FIG. 12 represents a similar embodiment of the invention, but indicates a succession of air passageways, airways, or slots at 66 that may be of progressively increasing depth or width, from point X to point Y, for example. Thus, even though the registering wall aperture 54 in FIG. 12A registers with the same number of slots in FIG. 12, the composite air passageway through the overlapped airways and wall slot 54 will provide for a progressively increasing admittance of outside air at the lower indexed regions of the bezel in FIG. 11 as the control member 23, also used in conjunction with the combination in FIG. 12, is rotationally displaced to the lower end. At essentially full-vacuum conditions in FIG. 11, by way of example, there will be very little, if any, air drawn in through wall aperture 54; thus, there will be very little or essentially no air drawn into the vacuum system, so that essentially full-vacuum conditions are maintained.
FIG. 13 illustrates in lieu of a single series of indexing numbers indicating inches of mercury, that there may be plural indicia at R and S indicating both inches and centimeters of mercury (Hg.) relative to existing vacuum or negative pressure.
The structure in FIG. 12A is similar to that in FIG. 2, but this time illustrating the cooperation of base housing 25A, corresponding to base housing 25 in FIG. 8, with the new bezel 23A corresponding to bezel 24 in FIG. 8.
The graph in FIG. 14 simply graphs vacuum regulation, i.e. maximum deviation from regulator setting of all actual negative pressures exhibited by the system over a wide range of altitudes (sea level to 4,600+ feet), humidity, and vacuum pumping conditions, and the metering effect obtained when the hole size at 29 in FIG. 2 is restricted in the manner indicated. Clearly, as the graph illustrates, optimum regulation results are achieved for hole diameter of 0.040 inches, with the "knee" of the curve, indicating maximum hole size at 29 in FIG. 2, or being 0.050 inches in diameter.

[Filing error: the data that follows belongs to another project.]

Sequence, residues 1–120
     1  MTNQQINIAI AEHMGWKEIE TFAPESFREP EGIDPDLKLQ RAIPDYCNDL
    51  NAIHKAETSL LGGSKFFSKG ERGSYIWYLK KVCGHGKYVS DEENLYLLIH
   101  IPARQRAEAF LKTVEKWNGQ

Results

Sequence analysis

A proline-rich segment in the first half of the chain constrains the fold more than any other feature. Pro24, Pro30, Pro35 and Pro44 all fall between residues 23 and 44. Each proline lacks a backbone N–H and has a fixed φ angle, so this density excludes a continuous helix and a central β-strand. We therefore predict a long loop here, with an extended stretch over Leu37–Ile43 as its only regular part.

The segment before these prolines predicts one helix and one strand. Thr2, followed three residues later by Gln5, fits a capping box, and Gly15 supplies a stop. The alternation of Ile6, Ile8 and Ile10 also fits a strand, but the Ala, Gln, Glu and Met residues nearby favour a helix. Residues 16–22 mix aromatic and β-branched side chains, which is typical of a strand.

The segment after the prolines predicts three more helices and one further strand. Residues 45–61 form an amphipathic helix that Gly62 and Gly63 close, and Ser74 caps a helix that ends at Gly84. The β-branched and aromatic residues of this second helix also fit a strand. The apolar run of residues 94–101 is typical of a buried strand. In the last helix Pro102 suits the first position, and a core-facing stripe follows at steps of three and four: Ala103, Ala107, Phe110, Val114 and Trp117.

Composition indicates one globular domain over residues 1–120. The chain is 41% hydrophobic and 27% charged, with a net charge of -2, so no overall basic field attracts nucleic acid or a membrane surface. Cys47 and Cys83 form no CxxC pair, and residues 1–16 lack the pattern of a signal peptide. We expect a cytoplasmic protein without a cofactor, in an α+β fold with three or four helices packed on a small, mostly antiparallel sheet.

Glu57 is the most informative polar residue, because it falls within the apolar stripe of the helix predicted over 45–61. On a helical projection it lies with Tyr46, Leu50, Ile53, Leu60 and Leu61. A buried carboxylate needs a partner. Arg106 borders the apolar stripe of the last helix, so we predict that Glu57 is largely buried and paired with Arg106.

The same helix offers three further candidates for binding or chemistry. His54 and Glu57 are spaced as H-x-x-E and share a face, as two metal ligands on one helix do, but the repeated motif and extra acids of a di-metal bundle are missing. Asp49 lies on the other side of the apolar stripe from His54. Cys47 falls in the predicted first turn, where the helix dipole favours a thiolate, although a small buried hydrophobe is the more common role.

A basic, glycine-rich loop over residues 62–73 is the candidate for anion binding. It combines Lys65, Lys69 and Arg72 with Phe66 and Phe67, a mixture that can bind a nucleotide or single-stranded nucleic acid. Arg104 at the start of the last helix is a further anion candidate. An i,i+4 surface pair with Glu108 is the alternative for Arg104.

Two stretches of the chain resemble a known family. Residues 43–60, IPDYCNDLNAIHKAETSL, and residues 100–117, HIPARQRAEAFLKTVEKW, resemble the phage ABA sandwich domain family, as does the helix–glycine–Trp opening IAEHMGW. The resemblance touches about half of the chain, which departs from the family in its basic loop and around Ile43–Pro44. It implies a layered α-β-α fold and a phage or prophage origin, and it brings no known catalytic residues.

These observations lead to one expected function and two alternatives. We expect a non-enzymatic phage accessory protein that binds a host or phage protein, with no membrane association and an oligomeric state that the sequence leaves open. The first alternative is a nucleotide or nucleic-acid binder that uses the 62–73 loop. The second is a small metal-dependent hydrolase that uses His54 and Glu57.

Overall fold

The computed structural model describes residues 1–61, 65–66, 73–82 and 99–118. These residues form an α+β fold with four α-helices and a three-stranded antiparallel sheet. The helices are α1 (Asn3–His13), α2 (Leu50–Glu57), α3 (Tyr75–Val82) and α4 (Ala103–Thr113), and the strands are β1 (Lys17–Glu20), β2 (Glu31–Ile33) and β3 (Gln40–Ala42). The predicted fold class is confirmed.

What is provided, therefore, is a new and improved regulator for vacuum systems, particularly in hospital aspiration systems, wherein the vacuum fluid is regulated through the ingress of outside air through the regulator into the vacuum system. A number of features are present including ease of assembly and of manufacturing cost. Note the drawing of air through the notches or passageways as at 59 ensures an omnidirectional intake of air completely about the peripheral of the edge 60 proximate the principal portion of the base housing 25. Thus, there will be a minimum of volume drawn in as to any particular slot or airway 59' so that no noise factor will be present in the "sucking in" of outside air.
Of course, even though such air is present as through the slot pattern proximate edge 60 in FIG. 8, essentially no air will proceed through the regulator until the knob portion 46 of integral control member 43 is rotated such that registration aperture 54 engages one of the slot patterns as at 55, 55A, 55B, and so forth.
The user will select the particular interior vacuum condition desired i.e. one to twelve inches of mercury or even full vacuum, and can be confident that regardless of the humidity of the outside air, the location as to altitude of the device, and even the volumetric characteristics and vacuum pressure level of the vacuum system used as per vacuum pump 19, that the index marking on bezel 24 will indicate essentially exactly, the exact vacuum condition maintained in the vacuum line leading to aspiration bottle 19.